CONTEST STATUS - Updated: SAT ... 14-APR-18 @ 9 PM EDT

Winter '17 / '18 - Snowfall Forecast Contests

19th Annual 'Regular Season' Snowfall Forecast Contest
- FINAL Results here
1st Place: Brad Yehl
2nd Place: Don Sutherland
3rd Place: NWS ER WFOs
HM: Herb @MAWS

17th Annual 'Season-total' Snowfall Forecast Contest
- FINAL Results here
1st Place: Don Sutherland
2nd Place: Mitchel Volk
3rd Place: Brad Yehl
Climo: 5th place

Winter '16 / '17 - Snowfall Forecast Contests
18th Annual 'Regular Season'
FINAL results here

16th Annual 'Season-total'
FINAL results here

Sunday, November 26, 2017

Winter '17 / '18 - The Woolly Bear Caterpillar Guide to Winter Weather Forecasting

Lightly edited re-post from USENET news group   11-OCT-03

In recent weeks ... a spate of news articles have appeared about the woolly bear caterpillar and its legendary ability to foretell the upcoming winter based on the color and width of its black and orange stripes.

With so much good information scattered across so many sources ... there appeared to be a need to compile the forecasting rules.  This handy forecasting guide can be printed and keep inside your coat pocket for easy reference.
The Woolly Bear Caterpillars Among Us
There is more than one kind of woolly bear caterpillar.  The one you use when forecasting is the banded woolly caterpillar ... which becomes the Isabella moth (Pyrrharctia Isabella) in the spring.  Pictures of the caterpillar and moth can be seen here: Caterpillar Moth Both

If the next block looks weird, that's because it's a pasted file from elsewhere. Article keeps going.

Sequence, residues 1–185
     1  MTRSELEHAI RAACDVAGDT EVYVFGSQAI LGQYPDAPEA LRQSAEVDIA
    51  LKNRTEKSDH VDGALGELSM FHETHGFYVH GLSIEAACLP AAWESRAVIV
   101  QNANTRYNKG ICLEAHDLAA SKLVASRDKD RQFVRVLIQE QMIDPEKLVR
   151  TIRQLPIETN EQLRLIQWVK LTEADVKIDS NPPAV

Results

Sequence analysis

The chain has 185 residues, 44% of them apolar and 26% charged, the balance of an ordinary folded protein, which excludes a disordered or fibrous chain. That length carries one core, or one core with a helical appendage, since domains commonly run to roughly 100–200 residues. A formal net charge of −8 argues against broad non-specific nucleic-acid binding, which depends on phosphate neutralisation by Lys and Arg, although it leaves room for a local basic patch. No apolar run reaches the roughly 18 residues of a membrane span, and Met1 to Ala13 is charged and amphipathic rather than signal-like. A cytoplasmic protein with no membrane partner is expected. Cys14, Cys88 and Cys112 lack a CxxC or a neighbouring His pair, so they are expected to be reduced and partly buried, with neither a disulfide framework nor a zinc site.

Science is Skeptical
It should come as no surprise entomologists pooh-pooh the idea about banded woolly bear caterpillars predicting future events.  These naysayers claim variations in band color and width are evidence of a worm/s age and the fall weather conditions when the worm reached maturity.  Worms exhibiting more black than orange are older and grew in wet conditions.  Worms exhibiting less black than orange are younger and grew in dry conditions.

Are the Bug Boys Right?
It/s possible the development and application of this folklore methodology is a crude form of persistence forecasting.
Caterpillars with wide (narrow) black bands matured under wet (dry) weather conditions ... which would likely be associated with below (above) normal temperatures.  If fall temperatures are colder (warmer) than normal ... then a persistence forecast for the upcoming winter will also be for colder (warmer) than normal temperatures.
Some banded woolly bear caterpillar forecast rules ... based on large black bands ... call for 'harsh' winter conditions.  If 'harsh' includes precipitation as well as cold temperatures ... then a persistence forecast would expect a continuation of wet fall conditions throughout the winter months.
How to Forecast with Banded Woolly Bear Caterpillars
Long-range winter forecasters who use the banded wooly bear caterpillar look at the width of the black stripes on the worm/s front and back and the ratio of black-to-orange.  With that information in hand ... the following forecasting rules apply: 
  • If the black stripes are narrow - defined as less than half the worm/s length ... then the winter will be mild.
  • If the black stripes are thick - defined as more than half the worm/s length ... then the winter will be cold or harsh with harsh being undefined.
Is That All There Is?
Some banded woolly bear caterpillar forecasters can tease out additional information by looking out the difference between the front and back black bands:
  • If the front band is larger than the back band ... then the first part winter will be colder or harsher than the last half.
  • If the front band is merely dipped in black ... that portends a mild first half; whereas ... if the back band is merely dipped in black ... that portends an early spring.
  • If the caterpillar is mostly black ... then winter will get cold early and there will be a lot of precipitation.
  • If the caterpillar is all black ... then the winter/s snowfall will be light.
  • If small brown spots are present ... then the winter/s dominant precipitation type will be drizzle.
Noted retired entomologist Dick Dearborn from Maine thinks there's something to it.

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